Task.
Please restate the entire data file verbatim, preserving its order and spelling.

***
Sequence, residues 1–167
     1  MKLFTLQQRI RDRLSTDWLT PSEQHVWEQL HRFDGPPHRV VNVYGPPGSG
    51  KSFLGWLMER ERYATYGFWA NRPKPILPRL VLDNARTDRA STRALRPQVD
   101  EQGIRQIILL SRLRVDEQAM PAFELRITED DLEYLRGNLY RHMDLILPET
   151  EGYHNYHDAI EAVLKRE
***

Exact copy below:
Sequence, residues 1–167
     1  MKLFTLQQRI RDRLSTDWLT PSEQHVWEQL HRFDGPPHRV VNVYGPPGSG
    51  KSFLGWLMER ERYATYGFWA NRPKPILPRL VLDNARTDRA STRALRPQVD
   101  EQGIRQIILL SRLRVDEQAM PAFELRITED DLEYLRGNLY RHMDLILPET
   151  EGYHNYHDAI EAVLKRE